Life: it takes courageous faith!
A rabbi friend told me a story…It relates to the Old Testament tradition about the Exodus of the Israelites out of Egypt. You have the huge crowd of Hebrew people with Moses in the lead. Behind them, the Pharaoh’s army is in hot pursuit. Those escaping bondage have come to the edge of the Sea. Moses raises his arms, points the staff at the sea, and voices a prayer asking God to lead the people to safety. But nothing happens. Indeed, nothing happens until the first person actually steps into the water and shows, through this simple act, that he had faith in God’s promises. When that first step of courage is taken, the sea parts, and the people can cross over into freedom.
I want to focus our attention on the second reading today because it is a celebration of faithful courage. The author of the Letter to the Hebrews points out the various ways in which Abraham courageously shows his faith. Abraham, by the way, was the ancient Patriarch who lived some two thousand years before Christ. The three major monotheistic religions (those that believe in one God), Judaism, Christianity and Islam, can all trace their origins to Abraham.
The story of Abraham’s faith is a story of courage, trust, and surrender to the will of God.
Abraham is asked to pack up his family and take them to a foreign land that God will show him. Abraham obeys. God promised that Abraham’s descendants would be as numerous as the stars of the sky or the sands of the seashore, but Abraham was 100 and his wife Sarah 90 at the time. It seemed impossible, but Abraham trusted God, and they had a son, named Isaac. Then, in an ultimate test of Abraham’s faith, God asks him to sacrifice his son Isaac—the very one through whom God’s promises would be fulfilled. With great courage and trust, Abraham made ready the sacrifice, and then was stopped by God because he could clearly see Abraham’s faith in action. Thus, faith is not just something cerebral; it is much more than an idea. True faith needs to be lived.
There was a great psychologist named Erik Erikson, who studied and wrote about the various psychological challenges placed before us in the various developmental stages each person goes through. I think it is significant that the very first challenge Erikson identifies is trust (vs. mistrust). A baby, born into what must seem a strange and fearful world, must learn trust from the protective and nurturing love of mother, father and family.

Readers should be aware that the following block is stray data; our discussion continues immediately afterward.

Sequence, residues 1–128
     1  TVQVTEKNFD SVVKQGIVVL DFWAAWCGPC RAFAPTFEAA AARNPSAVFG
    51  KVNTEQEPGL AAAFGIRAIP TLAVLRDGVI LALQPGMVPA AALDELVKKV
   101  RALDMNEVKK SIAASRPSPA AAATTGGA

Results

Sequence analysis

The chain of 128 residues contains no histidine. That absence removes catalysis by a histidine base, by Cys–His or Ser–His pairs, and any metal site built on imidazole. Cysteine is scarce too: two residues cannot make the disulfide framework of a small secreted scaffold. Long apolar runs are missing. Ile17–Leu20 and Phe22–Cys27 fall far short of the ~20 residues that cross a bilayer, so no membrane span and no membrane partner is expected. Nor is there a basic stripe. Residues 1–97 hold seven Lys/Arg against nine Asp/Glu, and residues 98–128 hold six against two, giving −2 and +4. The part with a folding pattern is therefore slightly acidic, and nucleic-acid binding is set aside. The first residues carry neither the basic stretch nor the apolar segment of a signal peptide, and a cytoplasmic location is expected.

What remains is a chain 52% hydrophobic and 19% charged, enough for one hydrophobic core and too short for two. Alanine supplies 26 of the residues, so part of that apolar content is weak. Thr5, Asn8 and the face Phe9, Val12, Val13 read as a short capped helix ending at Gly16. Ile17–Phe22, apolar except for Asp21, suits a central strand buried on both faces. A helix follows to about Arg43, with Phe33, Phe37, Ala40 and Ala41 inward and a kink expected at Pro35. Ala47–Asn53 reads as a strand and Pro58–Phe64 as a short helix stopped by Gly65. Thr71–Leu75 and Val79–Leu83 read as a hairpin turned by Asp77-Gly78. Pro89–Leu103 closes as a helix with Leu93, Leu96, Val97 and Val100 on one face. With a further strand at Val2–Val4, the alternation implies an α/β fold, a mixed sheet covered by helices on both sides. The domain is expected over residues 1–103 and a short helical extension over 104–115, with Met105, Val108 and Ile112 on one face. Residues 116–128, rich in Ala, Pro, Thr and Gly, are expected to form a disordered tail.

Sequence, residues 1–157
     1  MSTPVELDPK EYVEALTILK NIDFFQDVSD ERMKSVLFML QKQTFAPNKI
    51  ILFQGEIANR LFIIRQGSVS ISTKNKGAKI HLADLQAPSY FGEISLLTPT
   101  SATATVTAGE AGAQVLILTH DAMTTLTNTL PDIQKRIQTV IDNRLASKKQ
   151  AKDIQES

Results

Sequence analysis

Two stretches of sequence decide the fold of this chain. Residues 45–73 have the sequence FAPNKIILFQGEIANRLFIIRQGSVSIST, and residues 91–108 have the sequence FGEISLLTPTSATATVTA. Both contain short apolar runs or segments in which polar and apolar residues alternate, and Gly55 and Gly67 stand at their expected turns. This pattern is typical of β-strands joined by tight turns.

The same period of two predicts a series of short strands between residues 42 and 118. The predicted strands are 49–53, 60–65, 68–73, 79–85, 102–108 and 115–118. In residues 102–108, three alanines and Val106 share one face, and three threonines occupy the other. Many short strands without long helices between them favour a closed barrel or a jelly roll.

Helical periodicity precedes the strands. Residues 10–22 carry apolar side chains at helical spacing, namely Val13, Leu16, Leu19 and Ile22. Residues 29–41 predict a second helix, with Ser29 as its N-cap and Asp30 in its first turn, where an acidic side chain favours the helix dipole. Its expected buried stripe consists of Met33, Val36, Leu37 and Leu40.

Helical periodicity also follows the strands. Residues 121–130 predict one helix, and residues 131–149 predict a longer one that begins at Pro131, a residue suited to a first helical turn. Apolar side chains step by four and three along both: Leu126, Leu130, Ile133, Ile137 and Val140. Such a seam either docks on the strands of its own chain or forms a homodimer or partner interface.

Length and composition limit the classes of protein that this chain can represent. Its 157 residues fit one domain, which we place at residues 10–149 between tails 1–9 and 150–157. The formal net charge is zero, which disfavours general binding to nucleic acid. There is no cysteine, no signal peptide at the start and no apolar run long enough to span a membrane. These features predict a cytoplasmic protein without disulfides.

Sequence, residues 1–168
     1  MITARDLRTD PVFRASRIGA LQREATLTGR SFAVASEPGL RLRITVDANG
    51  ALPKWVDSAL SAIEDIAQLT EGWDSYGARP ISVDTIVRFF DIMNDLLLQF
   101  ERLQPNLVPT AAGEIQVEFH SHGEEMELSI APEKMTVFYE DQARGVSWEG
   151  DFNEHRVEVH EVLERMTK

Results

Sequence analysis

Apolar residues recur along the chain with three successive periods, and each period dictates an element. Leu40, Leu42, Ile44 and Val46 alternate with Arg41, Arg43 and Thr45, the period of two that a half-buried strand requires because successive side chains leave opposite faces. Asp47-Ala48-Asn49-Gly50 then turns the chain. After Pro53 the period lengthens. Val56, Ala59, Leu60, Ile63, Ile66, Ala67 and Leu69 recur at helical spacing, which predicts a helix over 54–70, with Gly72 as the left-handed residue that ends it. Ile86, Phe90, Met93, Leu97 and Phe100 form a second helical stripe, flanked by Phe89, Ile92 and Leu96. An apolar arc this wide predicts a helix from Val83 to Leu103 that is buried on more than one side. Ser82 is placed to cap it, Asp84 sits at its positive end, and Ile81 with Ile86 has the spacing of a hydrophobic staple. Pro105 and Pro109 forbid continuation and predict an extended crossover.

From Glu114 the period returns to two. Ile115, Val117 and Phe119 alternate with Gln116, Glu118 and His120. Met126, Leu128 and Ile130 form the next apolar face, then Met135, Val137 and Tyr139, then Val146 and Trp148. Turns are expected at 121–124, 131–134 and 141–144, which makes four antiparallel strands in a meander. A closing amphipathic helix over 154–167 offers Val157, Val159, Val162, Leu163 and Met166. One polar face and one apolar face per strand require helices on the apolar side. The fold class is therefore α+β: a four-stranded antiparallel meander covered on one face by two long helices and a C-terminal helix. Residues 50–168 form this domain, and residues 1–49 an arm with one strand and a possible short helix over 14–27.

As we age and our world gets larger, there are new challenges to trust: leaving home, figuring out what to do with one’s life, finding a mate or a vocation, navigating through the challenges life throws at us: these steps all take faith and courage.
And it seems that toward the end of life, the task is still not completed. With the loss of strength, the onset of illness and disease, the aches and pains that come from what once were routine actions, memory becoming fuzzy, growing dependence on others…the challenges never seem to end, and great faith and courage are required.
In the gospel Jesus talks about the end time, and the need to be prepared for our face-to-face encounter one day in the future. But we prepare for that day in the present. With each challenge that life places before us, it is as if God teaches us what is most important by the falling away of everything else, of all other securities. Just as with Abraham, with each new situation, God is asking: Do you still trust me? Do you still have faith? Do you have the courage it takes to carry your particular cross, just as I did on the road to Calvary?
Hopefully, wherever you are in your journey, and no matter what you are facing, you will have the courageous faith of Abraham, a real, lived faith, like the first Hebrew that dared to put his foot in the water, and like Jesus himself, who trusted, even on the cross.